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J Trop Pediatr. 1995 Jun;41(3):149-52. doi: 10.1093/tropej/41.3.149.

Intestinal parasites in HIV-seropositive Zambian children with diarrhoea.

Author information

1
Department of Paediatrics & Child Health, University Teaching Hospital, Lusaka, Zambia.

Abstract

We undertook a study over a period of 9 months to define the frequency of parasitic infections in hospitalized children with diarrhoea between the ages of 15 months and 5 years. Every alternate day, mothers of all children admitted with diarrhoea between 09.00 hours and 12.00 hours to one of the wards of the Department of Pediatrics and Child Health of the University Teaching Hospital (UTH) in Lusaka, Zambia, were interviewed for enrollment of their children into the study. A total of 178 children with diarrhoea were enrolled in the study. Of these 44 (25 per cent) were HIV seropositive and 134 (75 per cent) were seronegative for HIV. Out of 44 HIV-seropositive patients, 20 (45 per cent) had acute diarrhoea and 24 (55 per cent) had chronic diarrhoea. Of the 134 HIV-seronegative patients, 68 had acute diarrhoea (51 per cent) and 66 (49 per cent) had chronic diarrhoea. At least one intestinal parasite was found in 34 out of the 178 children enrolled. The commonest parasites identified were Ascaris and Cryptosporidia. No associations were identified between parasite isolation and the following: age, sex, or socio-economic status. Cryptosporidium spp. was isolated from 6 out of 44 (14 per cent) HIV-seropositive children, while 8 out of 134 (6 per cent) seronegative children had the parasite (P = 0.01). HIV-seropositive children with chronic diarrhoea had significantly higher cryptosporidium identification rates than those HIV-seropositive children with acute diarrhoea [5 out of 24 (21 per cent) patients with chronic diarrhoea compared to 1 out of 20 (5 per cent) patients with acute diarrhoea; (P > or = 0.01)].(ABSTRACT TRUNCATED AT 250 WORDS).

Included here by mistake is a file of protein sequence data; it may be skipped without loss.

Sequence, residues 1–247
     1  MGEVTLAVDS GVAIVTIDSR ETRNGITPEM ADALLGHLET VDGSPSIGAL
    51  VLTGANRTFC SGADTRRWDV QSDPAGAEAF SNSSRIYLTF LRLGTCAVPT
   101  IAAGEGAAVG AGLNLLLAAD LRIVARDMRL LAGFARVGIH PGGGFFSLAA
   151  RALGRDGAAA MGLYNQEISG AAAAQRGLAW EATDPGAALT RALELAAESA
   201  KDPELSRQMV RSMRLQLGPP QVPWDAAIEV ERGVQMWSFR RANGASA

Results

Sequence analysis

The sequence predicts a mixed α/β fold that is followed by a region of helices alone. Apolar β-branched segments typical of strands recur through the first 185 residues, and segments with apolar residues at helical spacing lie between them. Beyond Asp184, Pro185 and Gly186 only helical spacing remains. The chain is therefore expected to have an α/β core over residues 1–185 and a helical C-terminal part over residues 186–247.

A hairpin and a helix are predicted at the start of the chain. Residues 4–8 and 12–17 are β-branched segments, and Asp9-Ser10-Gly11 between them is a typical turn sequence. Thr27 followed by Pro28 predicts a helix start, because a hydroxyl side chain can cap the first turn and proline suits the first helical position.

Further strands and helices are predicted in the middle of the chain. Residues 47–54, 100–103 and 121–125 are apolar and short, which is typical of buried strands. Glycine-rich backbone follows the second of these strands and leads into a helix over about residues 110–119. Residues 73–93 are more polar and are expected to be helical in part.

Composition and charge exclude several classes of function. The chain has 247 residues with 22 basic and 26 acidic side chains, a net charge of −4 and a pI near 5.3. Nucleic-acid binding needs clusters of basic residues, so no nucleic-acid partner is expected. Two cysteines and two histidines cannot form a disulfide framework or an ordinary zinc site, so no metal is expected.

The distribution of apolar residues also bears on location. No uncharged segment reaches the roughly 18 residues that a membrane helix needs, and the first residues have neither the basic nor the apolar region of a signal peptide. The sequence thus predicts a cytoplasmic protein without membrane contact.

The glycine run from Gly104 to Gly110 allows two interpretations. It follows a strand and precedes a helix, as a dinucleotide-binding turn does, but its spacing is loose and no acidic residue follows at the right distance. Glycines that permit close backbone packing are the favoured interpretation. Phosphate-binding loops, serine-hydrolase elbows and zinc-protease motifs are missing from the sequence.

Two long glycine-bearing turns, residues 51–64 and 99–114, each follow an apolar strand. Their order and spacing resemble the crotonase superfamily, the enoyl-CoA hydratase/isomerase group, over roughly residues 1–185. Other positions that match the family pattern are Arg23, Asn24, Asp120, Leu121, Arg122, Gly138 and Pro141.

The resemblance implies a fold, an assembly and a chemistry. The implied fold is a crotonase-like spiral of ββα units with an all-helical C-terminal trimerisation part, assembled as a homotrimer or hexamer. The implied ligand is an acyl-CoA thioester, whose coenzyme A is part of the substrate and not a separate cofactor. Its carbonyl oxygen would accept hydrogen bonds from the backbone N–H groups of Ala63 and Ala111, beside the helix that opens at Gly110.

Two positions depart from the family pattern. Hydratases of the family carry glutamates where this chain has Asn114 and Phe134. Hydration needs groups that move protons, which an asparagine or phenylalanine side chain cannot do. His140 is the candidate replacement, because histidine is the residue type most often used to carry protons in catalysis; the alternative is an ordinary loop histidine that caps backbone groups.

PMID:
7636933
DOI:
10.1093/tropej/41.3.149
[Indexed for MEDLINE]

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